It is as simple as keeping a document with a master schedule of due dates for various permits and communicating these dates and document with all affected employees. Communication solves 90% of all problems in my opinion. I am just an intern though, what do I know?
In sports typically it is said that coaches use a “system” to tech there players and get the best out of there players. This is an interesting way to view coaching but through past experiences I understand how this is true. I have been fortunate to see both successful and unsuccessful systems.
As a high school wrestler I wrestled on both sides of the spectrum. When I was a freshman, sophomore, and Junior the system that was run lead my school to a city title as well as the first undefeated season in our programs history. In addition to that we had two people qualify for state in the state of Ohio, which is extremely difficult to do. Due to a variety of reasons the core of team’s head coaches were removed my senior of high school. My senior year a new head coach came and due to two major reason’s the program has gone down since then.
The first major reason was the environment and mentality that was established when the new coach came in. The coach that I originally established a mentality that made wrestlers want to wrestle and give their best for the coach. Also he established a mentality that was positive for wrestling. When the new coach came in he focused on new things and established a “softer” culture, in my opinion. The coach tried to focus on strength and less on conditioning and technique. When I talked to my friends and watched them wrestle it was completely different. In the past the team may not have the best wrestlers but they were the most in shape and could compete. Once the new coach came in the team looked flat and tired because of the “system.” The second major factor was the personnel. The people in the new coaching system as well as the talent in the “system” decreased dramatically. The wrestlers that left after my sophomore year left many gaps in the roster and caused the team to lose. In addition to that the new head coach didn't have a good ability to recruit good athletes as my first coach did. This is important because it was easy to teach technique in wrestling. Both of these things cause the team and in a sense the program to go downhill.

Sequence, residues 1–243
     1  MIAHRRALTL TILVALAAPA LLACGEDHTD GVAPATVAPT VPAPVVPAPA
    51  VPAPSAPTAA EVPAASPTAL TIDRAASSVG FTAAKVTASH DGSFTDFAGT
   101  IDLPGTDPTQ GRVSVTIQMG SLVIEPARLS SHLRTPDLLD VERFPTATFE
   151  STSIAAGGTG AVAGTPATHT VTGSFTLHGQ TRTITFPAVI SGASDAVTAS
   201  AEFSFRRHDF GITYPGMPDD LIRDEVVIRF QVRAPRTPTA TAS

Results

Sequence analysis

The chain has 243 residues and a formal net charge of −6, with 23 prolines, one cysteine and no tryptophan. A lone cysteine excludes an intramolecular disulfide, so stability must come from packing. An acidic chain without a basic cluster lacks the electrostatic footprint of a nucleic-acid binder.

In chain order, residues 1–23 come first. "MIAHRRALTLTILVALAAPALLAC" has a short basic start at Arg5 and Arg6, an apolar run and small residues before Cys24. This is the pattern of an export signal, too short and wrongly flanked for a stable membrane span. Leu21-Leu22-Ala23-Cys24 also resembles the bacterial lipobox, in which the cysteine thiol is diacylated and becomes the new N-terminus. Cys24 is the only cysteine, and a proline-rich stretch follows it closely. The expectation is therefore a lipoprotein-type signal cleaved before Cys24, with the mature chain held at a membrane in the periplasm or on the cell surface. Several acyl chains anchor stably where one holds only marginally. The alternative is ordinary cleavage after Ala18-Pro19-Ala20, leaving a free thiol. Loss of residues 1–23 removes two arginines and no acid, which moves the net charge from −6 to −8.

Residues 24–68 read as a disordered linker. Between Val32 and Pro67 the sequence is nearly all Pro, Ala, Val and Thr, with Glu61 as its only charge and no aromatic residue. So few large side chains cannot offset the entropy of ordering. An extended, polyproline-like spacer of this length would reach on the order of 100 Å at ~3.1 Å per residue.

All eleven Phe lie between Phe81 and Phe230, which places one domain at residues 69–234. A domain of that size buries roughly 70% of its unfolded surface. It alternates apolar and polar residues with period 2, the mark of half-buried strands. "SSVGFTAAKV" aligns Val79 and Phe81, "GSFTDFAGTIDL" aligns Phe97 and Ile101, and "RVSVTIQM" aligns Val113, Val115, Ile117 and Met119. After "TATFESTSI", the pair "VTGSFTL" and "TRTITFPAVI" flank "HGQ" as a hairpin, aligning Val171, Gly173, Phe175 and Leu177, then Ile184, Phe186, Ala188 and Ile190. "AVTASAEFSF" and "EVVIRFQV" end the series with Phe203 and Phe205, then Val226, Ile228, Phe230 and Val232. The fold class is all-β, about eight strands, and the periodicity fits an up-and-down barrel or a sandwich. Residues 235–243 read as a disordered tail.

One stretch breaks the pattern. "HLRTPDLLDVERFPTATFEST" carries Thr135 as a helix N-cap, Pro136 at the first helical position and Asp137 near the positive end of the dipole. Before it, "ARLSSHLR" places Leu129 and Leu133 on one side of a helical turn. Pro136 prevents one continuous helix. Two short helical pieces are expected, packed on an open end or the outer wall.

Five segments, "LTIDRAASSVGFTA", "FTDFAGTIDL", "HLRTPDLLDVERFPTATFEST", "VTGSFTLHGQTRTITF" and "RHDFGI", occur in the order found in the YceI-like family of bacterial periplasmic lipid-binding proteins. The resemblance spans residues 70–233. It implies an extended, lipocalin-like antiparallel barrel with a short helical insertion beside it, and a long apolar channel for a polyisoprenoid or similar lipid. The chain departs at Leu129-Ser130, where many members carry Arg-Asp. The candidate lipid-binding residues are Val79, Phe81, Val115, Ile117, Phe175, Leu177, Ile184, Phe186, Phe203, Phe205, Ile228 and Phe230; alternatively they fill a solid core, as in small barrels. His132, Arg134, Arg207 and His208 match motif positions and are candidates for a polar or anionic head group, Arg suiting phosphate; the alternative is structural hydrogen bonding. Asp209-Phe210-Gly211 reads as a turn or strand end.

From my playing prospective the second “system” seemed to be a failure. This happened because the wrestlers who remained had a huge lack of talent. The people that were acquired by the new head coach were not the athletes that were established and brought in by my original head coach. In addition to that trying to change the culture to a “softer” mentality didn't help the wrestlers that remained from the previous “system” and didn't seem to help the new wrestlers coming into the system. Wrestling is one sport that requires a hard nosed mentality, great instruction, and talent. This change in environment and personnel seems like a big reason in my personal opinion this new "system" failed.